In the Clear
A CultureMap®
by James Waller
Published on 9/23/13

The meaning of transparency isn’t always transparent. Is vodka “pure” just because you can see through it? Is Saran Wrap sexy? Can people who live in glass houses get away with throwing stones? And what about Cinderella’s slipper—innocent footwear or fetish object? This map shines a light on clarity and finds it can be a very murky matter indeed.

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to  Vodka

If a customer orders a martini “straight up,” the bartender will serve it in a cocktail glass. That vessel—stemmed, with a wide conical bowl—is now so strongly identified with that (generally) crystal-clear mixed drink that it’s often called a martini glass. Actually, the drink and the glass were created independently, becoming indelibly associated in the mid-20th century. With its distinctive shape, reproduced in countless neon bar signs, the martini glass became an emblem of louche modernity and the loose sexuality of the era of Playboy, the pill and James Bond. The shape of its bowl even bears a resemblance to the pointy “bullet” bras sported by mid-century pinup models.

Superspy Bond—especially as played by actor Sean Connery—was largely responsible for the switchover in popular preference from gin to vodka as the martini’s main ingredient. Bond liked his vodka martinis “shaken, not stirred.” Because agitation abrades the ice in the cocktail shaker, knocking tiny slivers into the drink, the technique results in a martini that’s very chilly—as icy cold, one might say, as the heart of any Ian Fleming villainess.

to  Ice

If you like your vodka neat—drunk straight, without ice—store the bottle in the freezer. Vodka’s high alcohol content (typically 80 proof, or 40 percent) will keep it liquid while intensifying its silky mouthfeel. The Russians, who likely invented vodka and who gave it its name (which means “little water,” a term of endearment), generally drink theirs neat. Imbibers elsewhere, however, are more likely to use the crystalline hooch in an enormous range of flavored cocktails.

Virtually unknown in the West before the 1930s (when it first appeared in a cocktail recipe book), vodka now accounts for more than a quarter of all spirits sales in the U.S. That’s probably because it is a neutral spirit—not just colorless but odorless and almost flavorless, making it easy to disguise when mixed with other ingredients. It’s the liquor of choice for those who don’t like liquor’s taste. But don’t let vodka’s disappearing act fool you. Its deceptive “purity” makes it stealthier than gin or rum or whiskey, as anyone who has accidentally had one too many brunch-time bloody marys or cocktail-hour cosmos can attest.

to  Glass

The ice cubes used in most bars and restaurants are puny, and since they’re also often hollow and not very solidly frozen, they melt rapidly. Those imperfections drive hard-core cocktail mavens crazy. Because excellent ice—fresh, clean, cold and hard—is as essential to a well-made cocktail as are high-quality spirits, juices and garnishes, the mixologists at some trendsetting cocktail bars are returning to a 19th-century practice: hand-fashioning ice for individual drinks from large ice blocks. By carving, chipping or shaving from the block, the barkeep can customize the ice to suit each drink—a dramatic spear of ice for a highball, say, or a two-by-two-inch cube for an on-the-rocks drink that will keep the libation well chilled without quickly diluting it. Today’s block ice, created by sophisticated (and pricey) ice makers, is better than the block ice of yore, which was chopped from frozen ponds and rivers and then stored long-term in insulated icehouses. High-tech block ice is superhard, supercold and—unlike naturally formed ice—as clear as glass. Although this pellucidity doesn’t affect a drink’s taste, it wondrously enhances visual appeal. It’s hardly obscure why ultraclear ice has become such an object of desire for discerning boozehounds.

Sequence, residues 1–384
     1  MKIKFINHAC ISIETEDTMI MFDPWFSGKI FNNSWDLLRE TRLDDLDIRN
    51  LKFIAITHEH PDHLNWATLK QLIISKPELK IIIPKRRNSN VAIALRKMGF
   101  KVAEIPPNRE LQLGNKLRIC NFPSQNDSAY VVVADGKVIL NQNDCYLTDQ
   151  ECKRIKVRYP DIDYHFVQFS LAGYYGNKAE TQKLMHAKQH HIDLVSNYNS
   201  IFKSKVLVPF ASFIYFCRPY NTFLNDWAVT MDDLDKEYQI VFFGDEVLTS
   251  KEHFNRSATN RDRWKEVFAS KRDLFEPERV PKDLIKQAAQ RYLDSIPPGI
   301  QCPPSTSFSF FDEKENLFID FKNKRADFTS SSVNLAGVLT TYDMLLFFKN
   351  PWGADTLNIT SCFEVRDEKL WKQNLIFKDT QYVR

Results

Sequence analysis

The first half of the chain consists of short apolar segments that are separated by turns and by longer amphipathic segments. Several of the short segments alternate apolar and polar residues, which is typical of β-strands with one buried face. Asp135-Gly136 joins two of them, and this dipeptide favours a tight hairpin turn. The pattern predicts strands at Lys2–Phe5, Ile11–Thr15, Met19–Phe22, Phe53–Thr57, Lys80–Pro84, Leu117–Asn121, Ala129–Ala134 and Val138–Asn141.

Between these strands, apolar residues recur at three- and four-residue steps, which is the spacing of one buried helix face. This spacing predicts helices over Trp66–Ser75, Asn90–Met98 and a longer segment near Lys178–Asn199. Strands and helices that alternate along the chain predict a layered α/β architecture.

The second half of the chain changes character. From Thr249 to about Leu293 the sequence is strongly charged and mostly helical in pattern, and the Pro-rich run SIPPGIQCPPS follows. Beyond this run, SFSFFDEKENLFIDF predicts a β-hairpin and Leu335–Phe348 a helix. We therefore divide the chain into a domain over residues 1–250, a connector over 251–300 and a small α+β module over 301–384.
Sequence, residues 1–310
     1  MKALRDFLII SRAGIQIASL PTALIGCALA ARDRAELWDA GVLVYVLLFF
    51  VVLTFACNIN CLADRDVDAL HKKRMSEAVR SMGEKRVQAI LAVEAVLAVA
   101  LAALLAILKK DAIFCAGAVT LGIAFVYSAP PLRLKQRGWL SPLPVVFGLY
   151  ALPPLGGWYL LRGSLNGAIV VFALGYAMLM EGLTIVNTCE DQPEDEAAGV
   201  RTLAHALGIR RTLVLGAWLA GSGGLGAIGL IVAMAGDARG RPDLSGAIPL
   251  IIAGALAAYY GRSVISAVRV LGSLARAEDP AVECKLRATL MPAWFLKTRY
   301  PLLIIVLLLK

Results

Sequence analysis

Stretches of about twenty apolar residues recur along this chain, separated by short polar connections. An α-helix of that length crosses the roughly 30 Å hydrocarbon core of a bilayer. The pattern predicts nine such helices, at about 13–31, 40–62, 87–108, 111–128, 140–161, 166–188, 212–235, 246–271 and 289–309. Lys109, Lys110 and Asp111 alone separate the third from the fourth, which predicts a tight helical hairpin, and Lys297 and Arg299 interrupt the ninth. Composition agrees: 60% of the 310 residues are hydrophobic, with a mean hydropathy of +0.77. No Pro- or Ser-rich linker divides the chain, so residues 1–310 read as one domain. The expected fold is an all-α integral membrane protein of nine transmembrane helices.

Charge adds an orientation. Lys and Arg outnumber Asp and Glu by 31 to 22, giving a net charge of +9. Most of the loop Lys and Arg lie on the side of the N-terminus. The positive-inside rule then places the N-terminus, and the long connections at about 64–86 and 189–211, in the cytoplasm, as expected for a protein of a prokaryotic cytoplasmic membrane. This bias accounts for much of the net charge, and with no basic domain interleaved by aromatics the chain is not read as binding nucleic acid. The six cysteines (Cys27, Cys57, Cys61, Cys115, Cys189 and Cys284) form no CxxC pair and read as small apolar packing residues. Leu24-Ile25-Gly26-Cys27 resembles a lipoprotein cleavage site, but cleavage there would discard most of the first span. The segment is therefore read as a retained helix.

to  Philip Johnson’s Glass House

Architectural glass simultaneously establishes and dissolves the boundary between interior and exterior space. It both shields a building’s occupants, providing protection from the elements, and reveals them, making them vulnerable to an outsider’s gaze. The glass may be transparent, but its meaning isn’t, and nowhere is the ambiguity inherent in architectural glass more clearly reflected than in the Glass House architect Philip Johnson (1906–2005) built on his New Canaan, Connecticut, estate, in 1949. Johnson was an early U.S. champion of clean-lined European modernist architecture—he helped organize the International Style show at New York’s Museum of Modern Art, in 1932—and the Glass House displays the lessons he learned from his German mentor Ludwig Mies van der Rohe (1886–1969). Johnson’s dwelling, however, with its glass walls, takes Mies’s doctrine of simplicity—“Less is more”—to a near absolute. The house’s single concession to modesty is its bathroom, which is concealed within a brick cylinder. But Johnson was also throwing stones at the master. He completed the Glass House while Mies’s residential masterpiece, the Farnsworth House (near Plano, Illinois), was under construction, and the media sensation surrounding Johnson’s project stole Mies’s thunder. Mies reportedly was infuriated by his pupil’s betrayal.